One time we were out to dinner, and she kept going on her phone, despite my asking her several times (nicely) to stop. She assured me she was just browsing the net, as if that made it any better. I finally picked up my plate and moved to the next table. That led to the biggest argument we’ve ever had, although we laugh about it now. We’ve come to a bit of a truce about it, but I still think she spends way too much time playing on her phone.

  20. psm321 says:

    For 5%? No.

  21. energynotsaved says:

    I hate phones. I’m a huge fan of this idea. I’d pay 5% more to go to a place where phones were not permitted.

  22. SilverBlade2k says:

    I hope this idea catches on and more chain restaurants do this.

    This would be the first first restaurant I would go to on a date, just so that the girl can’t ‘suddenly’ get a call from a date rescue service to get her out of a bad date without feeling guilty about it.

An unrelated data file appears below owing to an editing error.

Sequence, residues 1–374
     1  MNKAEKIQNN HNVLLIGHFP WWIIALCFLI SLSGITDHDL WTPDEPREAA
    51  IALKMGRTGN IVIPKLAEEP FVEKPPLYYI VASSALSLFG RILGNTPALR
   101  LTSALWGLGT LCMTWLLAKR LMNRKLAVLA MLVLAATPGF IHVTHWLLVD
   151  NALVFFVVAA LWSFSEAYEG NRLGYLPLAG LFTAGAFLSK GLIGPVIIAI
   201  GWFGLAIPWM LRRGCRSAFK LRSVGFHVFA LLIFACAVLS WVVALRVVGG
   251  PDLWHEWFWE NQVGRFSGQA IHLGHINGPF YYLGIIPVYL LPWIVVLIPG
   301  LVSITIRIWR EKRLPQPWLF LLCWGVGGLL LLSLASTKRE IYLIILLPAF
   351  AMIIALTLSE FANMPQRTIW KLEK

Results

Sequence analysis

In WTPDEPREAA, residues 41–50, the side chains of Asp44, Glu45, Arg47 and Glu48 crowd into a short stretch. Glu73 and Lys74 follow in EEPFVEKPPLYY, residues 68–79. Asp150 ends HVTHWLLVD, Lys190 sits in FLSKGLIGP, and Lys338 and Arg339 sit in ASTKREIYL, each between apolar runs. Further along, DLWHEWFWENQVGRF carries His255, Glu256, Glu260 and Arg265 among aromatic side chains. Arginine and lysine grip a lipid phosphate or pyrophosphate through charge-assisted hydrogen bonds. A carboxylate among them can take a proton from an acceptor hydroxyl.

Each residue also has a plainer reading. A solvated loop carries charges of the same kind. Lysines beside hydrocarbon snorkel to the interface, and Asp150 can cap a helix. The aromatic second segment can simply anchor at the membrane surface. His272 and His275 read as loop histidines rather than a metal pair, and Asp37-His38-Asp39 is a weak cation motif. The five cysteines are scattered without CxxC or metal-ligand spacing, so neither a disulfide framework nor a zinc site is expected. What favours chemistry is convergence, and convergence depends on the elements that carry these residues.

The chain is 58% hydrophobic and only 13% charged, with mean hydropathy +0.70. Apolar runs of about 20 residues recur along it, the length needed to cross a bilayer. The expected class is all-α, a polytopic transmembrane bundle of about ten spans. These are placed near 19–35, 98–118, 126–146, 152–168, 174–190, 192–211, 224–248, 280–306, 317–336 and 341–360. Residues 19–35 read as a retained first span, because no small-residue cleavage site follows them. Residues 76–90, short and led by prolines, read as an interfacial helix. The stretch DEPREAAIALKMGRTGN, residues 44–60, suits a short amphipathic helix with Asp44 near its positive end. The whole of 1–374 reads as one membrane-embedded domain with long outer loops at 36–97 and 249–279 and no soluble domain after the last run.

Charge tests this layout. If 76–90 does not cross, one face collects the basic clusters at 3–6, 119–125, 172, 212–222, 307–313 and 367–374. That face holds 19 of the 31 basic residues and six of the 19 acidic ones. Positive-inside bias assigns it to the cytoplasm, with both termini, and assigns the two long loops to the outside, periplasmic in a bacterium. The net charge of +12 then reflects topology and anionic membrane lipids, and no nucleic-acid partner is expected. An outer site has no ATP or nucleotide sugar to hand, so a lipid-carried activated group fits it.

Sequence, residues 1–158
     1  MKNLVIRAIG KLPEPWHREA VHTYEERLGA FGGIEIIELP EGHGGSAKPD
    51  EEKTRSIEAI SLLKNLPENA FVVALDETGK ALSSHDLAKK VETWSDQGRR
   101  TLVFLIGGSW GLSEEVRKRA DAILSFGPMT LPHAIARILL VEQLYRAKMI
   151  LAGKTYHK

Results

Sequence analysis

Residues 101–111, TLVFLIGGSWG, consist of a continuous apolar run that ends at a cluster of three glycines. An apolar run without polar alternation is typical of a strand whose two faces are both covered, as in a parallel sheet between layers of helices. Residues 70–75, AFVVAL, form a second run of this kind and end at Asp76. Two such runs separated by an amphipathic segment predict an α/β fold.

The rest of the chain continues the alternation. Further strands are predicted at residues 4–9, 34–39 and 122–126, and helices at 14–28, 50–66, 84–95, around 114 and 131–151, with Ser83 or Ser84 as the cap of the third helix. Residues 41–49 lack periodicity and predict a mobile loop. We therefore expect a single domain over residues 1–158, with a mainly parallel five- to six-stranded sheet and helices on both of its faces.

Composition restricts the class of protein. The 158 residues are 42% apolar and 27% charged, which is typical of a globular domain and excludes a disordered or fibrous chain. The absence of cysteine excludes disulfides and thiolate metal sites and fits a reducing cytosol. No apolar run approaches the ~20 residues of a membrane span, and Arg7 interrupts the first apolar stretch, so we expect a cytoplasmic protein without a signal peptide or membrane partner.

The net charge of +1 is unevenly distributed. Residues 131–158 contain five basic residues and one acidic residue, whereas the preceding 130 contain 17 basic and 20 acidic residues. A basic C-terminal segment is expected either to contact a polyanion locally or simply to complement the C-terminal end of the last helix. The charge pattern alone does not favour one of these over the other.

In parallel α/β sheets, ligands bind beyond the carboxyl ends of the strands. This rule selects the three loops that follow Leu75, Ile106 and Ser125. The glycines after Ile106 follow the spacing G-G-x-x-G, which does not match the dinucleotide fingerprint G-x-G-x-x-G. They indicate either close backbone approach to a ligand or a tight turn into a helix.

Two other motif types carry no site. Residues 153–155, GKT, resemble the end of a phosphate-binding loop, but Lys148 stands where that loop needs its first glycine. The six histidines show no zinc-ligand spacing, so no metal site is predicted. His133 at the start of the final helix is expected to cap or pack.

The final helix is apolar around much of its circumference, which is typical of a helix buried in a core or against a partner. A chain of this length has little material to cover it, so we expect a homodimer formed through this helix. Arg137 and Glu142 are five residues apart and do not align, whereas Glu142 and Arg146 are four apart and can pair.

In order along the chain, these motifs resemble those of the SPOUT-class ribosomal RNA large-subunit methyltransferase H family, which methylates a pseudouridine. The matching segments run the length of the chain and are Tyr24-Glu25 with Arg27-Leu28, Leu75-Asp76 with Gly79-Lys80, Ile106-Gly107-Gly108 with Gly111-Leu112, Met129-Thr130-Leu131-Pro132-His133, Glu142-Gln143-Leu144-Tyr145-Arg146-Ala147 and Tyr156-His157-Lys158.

23. ScandalMgr says:

    Better just to set up a Cell Phone Jamming Device, with a prominent warning that it’s in use so On-Call Doctors (and other professionals) can stay away.

    That’s a win all around.
    1) Dickheads who must be on their phone won’t come near the place
    2) Professionals whose job depends on the phone won’t come near the place
    3) the restaurant will save the recurring 5% hit by just buying the jammer once, benefitting its bottom line.

  24. limbodog says:

    I just can’t fit it in my pocket when sitting down.

  25. Bort says:

    But i don’t have a phone so i have no trouble not texting during dinner, but how do i get the no phone use discount?

  26. Snullbug says:

    So now we’ve reached the point where we have to, in essence,pay people not to be annoying orifices.

  27. tinyhands says:

    Can I have the option to pay an extra 5% to take away everyone ELSE’S phone? Mine isn’t the one that bothers me.

  28. Kuri says:

    No, because I had another device I sometimes play on, while conversing, at the table, and it ain’t a phone.

    Do this in movie theaters and we might talk.